- If upon one’s response to that truth hangs a person’s eternal destiny;
- If there is in the cosmos a spiritual being of great evil and great power who is always at work subverting that truth so as to prevent the salvation of mankind;
- If there is that in our sinful hearts that renders us vulnerable to and susceptible to killing theological error;
- If Christ has entrusted his church with the responsibility of holding his truth inviolate, both for the present and the eternal welfare of the people of God and for the saving effect of the church’s witness to the world;
- And if the history of the kingdom of God illustrates with monotonous and dismal regularity the ease with which the church can lose her grip on the truth and enthusiastically embrace errors that weaken and finally break her relationship with God.
Stop and think of how many erstwhile Christian churches there are – almost all erstwhile or former Christian churches, by the way, for Christian churches that embrace a corrupted faith rarely reproduce themselves – in which congregations sit Sunday after Sunday without ever hearing the gospel of Jesus Christ. Think of how many congregations there are that come of a Sunday to their churches and leave again as much in the dark about God and salvation as they had always been. Think of how many so-called Christian congregations there are who have generation after generation lost almost all their children to the world because they no longer proclaim any message sufficiently different from the world’s to justify any continuing commitment. Christian denominations captured by deformed versions of Christianity are everywhere in decline, in most instances such a steep decline that the end is approaching with a mathematical certainty. Some have already disappeared in Europe, or are near to doing so, and so to in Great Britain and the United States. The Presbyterian Church USA, for example – which, as a denomination, has for several generations now embraced or tolerated a variety of deformations and denials of apostolic Christianity – has lost upwards of half its membership over the last 40 years. False teaching kills the church and, if that also means, as it must, that it kills human beings forever, then no wonder Paul speaks of these false teachers and the need to refute them and root out their teaching in the stern and uncompromising language he uses here.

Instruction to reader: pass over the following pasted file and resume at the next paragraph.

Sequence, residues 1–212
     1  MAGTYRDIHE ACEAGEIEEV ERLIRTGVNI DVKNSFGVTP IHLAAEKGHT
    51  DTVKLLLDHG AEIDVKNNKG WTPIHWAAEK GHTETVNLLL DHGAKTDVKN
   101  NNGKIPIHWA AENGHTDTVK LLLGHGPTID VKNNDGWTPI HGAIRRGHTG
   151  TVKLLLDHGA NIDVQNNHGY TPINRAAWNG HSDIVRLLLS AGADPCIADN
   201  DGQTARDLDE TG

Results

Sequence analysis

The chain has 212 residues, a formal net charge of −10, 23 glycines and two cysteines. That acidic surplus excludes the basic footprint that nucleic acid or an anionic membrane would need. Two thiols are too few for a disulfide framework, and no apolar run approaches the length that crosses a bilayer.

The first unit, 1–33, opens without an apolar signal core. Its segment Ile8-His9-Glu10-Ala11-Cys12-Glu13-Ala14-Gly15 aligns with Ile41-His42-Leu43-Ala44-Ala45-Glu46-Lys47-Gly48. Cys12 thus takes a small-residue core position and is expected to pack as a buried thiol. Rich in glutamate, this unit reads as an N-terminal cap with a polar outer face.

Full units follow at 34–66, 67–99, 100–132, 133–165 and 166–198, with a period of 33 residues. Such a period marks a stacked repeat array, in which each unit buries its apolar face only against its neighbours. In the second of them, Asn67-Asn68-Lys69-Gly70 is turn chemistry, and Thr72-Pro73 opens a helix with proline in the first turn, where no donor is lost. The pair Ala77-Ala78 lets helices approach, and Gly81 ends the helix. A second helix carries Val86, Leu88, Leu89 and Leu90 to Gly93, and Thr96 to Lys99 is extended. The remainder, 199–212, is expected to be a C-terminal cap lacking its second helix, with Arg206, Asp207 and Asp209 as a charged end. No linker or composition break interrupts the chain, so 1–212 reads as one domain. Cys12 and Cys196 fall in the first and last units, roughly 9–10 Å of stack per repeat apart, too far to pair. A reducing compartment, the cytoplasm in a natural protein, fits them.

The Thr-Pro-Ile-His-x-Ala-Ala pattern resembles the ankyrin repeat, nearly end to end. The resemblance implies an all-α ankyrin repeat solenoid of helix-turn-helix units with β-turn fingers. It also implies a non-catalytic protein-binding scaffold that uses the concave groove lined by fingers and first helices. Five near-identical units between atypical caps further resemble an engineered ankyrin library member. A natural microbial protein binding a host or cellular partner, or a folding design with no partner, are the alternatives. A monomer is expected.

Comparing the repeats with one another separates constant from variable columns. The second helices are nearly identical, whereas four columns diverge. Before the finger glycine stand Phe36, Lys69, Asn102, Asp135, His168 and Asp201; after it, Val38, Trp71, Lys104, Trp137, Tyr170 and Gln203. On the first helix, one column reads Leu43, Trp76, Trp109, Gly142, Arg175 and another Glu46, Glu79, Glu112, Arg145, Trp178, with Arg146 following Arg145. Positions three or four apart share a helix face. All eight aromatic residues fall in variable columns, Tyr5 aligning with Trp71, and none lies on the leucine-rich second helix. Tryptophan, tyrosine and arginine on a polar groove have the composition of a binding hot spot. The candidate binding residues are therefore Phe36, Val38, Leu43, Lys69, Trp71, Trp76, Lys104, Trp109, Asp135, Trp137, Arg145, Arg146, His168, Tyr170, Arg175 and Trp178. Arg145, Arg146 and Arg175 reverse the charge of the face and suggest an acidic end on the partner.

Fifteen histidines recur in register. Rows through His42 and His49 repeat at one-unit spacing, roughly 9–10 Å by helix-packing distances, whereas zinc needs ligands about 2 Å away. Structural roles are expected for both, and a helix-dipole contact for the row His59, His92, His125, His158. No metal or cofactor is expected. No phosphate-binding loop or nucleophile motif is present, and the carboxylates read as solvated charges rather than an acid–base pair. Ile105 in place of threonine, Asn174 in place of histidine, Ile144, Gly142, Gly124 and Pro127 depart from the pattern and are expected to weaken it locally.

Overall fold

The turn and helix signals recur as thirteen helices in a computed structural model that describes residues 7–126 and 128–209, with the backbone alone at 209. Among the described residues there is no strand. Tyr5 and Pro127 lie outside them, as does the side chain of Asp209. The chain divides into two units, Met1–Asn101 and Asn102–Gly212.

What we have here is proof of what J.I. Packer refers to as “the greatness and weight of spiritual issues.” These things matter. They bear on eternity. They determine the endless future of human beings for weal or woe. And the enmity, the hatred of God in the fallen human heart being what it is, it should come as no surprise that the truths of the gospel, the teachings of Holy Scripture should come under savage attack and have to be defended with might and main. We cannot rest because the enemies of the truth do not and will not rest.